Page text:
For the most part, this collection of pop recordings originally released on 45 RPM singles between 1965 and 1969, lives up to its title, that is, assuming that words like "hits," "gold," and "classics" can be defined loosely. The tension here is really between the first two words of the title, "lost" and "hits." One might say that such well-known tracks as Dusty Springfield's "Son of a Preacher Man" and the Lovin' Spoonful's "Nashville Cats" are hardly lost, while there are several tracks that would not qualify in most people's books as hits. Nevertheless, 39 out of the 40 cuts reached Billboard's Hot 100 (some just barely), the only exception being Harpers Bizarre's "Malibu U.," the B-side of the group's 1967 single "Anything Goes"; 33 made the Top 40; and ten went all the way to the Top Ten. The bulk of the selections, then, were minor hits that will be remembered by people who were listening to AM radio during the second half of the 1960s, but that, because they were not big hits, have not had much life since then. The album features several major stars of the era, among them the Everly Brothers, Brenda Lee, and the Monkees, but more notable are the one-hit wonders whose names may be recalled (and then probably only vaguely) by those same AM radio listeners: the Cherry People, Every Mother's Son, Four Jacks and a Jill, the Hombres, Leapy Lee, Magic Lanterns, the Neon Philharmonic, Michael Parks, People, Peppermint Rainbow, Rhinoceros, the Rose Garden, and Mason Williams. The collection comes courtesy of Warner Special Products, but recordings were licensed from all the other major labels and quite a few minor ones. Joe Knoche's annotations note that many tracks are making their U.S. CD debuts, citing, for example, the Association's "Goodbye Columbus" and Arlo Guthrie's "Alice's Rock & Roll Restaurant" (a much-shortened studio recording of his famous signature song). It is also true, however, that several, including the Five Americans' "Western Union," the Sweet Inspirations' "Sweet Inspiration," and Lulu's "Best of Both Worlds," are in monophonic sound even though there are stereo versions in existence. (In other cases, such as Crispian St. Peter's "Pied Piper" and the Fireballs' "Bottle of Wine," stereo versions have yet to turn up.) But that's just to say that the collection isn't perfect; actually, the most serious criticism to be made, especially for those baby boomers who are its intended audience, is that the album has only 40 tracks, not, say, the 50 that might have fit on two CDs.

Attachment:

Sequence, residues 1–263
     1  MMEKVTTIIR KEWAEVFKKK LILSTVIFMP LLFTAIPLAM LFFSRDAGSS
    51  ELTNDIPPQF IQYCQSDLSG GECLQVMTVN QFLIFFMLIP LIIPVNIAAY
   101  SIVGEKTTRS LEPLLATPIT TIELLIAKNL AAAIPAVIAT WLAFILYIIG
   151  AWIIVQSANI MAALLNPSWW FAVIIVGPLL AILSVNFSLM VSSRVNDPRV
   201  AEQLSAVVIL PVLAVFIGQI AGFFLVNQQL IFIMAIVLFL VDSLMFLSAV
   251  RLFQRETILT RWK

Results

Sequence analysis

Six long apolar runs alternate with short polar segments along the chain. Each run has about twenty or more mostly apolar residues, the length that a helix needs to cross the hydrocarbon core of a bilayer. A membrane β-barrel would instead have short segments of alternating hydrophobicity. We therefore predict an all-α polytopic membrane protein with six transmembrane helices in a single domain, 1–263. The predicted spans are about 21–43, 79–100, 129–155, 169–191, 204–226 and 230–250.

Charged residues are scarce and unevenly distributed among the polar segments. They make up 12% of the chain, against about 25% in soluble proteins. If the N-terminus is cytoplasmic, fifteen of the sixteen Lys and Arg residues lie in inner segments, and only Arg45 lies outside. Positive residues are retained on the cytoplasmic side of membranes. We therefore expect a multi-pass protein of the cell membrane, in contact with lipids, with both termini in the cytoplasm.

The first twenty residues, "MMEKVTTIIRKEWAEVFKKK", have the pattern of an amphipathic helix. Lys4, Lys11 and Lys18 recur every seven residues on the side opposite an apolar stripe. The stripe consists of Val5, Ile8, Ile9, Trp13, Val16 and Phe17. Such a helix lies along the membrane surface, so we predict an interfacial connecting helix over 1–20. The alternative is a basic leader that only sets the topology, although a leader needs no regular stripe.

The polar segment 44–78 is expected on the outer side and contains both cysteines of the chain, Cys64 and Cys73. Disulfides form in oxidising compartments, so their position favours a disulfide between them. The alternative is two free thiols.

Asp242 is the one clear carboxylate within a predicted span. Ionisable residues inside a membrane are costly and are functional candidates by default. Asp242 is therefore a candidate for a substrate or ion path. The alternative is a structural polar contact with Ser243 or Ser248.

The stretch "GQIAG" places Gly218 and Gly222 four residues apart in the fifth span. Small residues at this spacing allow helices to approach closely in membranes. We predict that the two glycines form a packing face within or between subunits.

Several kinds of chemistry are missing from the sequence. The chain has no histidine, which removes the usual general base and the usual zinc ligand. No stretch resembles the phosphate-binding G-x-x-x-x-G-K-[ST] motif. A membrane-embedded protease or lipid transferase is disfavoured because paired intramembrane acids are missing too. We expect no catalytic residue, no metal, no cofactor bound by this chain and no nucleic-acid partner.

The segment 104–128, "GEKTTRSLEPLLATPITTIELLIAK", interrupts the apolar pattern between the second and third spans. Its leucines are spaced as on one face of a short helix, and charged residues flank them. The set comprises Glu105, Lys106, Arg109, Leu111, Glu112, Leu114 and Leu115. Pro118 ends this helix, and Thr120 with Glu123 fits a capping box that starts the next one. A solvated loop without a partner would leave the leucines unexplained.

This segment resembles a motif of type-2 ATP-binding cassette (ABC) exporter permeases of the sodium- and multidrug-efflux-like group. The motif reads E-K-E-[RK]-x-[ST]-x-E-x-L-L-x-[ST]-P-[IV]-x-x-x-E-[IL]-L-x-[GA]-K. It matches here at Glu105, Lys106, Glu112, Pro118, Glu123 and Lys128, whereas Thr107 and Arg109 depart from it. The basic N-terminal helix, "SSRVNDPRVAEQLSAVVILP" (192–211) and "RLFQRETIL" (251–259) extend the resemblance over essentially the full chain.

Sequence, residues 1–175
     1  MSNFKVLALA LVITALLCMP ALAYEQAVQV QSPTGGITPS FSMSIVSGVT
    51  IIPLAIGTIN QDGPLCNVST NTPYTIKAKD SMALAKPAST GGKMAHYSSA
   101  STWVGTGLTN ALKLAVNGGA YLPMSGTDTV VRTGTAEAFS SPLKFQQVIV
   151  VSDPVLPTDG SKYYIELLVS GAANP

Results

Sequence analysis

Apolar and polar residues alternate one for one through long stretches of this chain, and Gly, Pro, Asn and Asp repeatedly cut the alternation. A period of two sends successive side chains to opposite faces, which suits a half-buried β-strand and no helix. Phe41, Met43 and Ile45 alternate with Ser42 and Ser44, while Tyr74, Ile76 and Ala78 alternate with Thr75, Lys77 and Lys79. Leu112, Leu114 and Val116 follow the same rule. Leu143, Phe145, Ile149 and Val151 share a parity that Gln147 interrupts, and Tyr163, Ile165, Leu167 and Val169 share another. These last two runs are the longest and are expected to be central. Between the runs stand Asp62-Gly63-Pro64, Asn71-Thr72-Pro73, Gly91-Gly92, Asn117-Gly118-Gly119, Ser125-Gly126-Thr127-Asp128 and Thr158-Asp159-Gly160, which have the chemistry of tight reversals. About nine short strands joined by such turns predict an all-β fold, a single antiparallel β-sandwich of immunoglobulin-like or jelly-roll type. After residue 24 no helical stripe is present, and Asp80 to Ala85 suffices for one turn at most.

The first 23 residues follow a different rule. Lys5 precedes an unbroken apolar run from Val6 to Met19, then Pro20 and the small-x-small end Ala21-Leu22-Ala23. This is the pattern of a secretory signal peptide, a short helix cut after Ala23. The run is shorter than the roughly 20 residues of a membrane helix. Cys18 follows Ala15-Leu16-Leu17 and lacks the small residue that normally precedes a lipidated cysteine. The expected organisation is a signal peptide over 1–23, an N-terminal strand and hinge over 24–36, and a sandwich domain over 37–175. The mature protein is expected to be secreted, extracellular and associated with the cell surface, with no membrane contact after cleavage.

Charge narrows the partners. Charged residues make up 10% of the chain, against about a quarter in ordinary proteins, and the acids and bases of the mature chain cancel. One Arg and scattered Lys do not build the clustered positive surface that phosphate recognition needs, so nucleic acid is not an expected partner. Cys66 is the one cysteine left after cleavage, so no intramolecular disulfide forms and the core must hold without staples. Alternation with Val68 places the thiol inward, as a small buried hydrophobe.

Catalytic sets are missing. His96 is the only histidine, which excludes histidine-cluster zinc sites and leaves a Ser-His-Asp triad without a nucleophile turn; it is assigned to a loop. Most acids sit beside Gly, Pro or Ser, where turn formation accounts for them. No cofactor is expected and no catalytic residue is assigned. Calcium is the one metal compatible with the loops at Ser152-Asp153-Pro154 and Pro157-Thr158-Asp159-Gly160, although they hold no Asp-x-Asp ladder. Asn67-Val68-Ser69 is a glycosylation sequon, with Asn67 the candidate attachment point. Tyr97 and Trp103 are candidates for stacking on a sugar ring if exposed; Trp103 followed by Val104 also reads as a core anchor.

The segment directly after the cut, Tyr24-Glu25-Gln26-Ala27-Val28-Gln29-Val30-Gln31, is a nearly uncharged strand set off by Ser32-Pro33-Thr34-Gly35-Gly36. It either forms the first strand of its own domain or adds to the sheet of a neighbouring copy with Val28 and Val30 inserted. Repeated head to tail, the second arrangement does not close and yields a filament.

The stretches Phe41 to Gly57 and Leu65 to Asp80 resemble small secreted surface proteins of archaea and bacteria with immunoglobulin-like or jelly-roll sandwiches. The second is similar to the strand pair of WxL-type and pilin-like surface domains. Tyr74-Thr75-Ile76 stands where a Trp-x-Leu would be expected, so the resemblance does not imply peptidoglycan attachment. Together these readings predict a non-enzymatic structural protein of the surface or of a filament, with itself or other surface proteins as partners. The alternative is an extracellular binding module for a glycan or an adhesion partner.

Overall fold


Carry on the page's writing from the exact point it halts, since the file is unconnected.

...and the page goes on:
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AllMusic Review by William Ruhlmann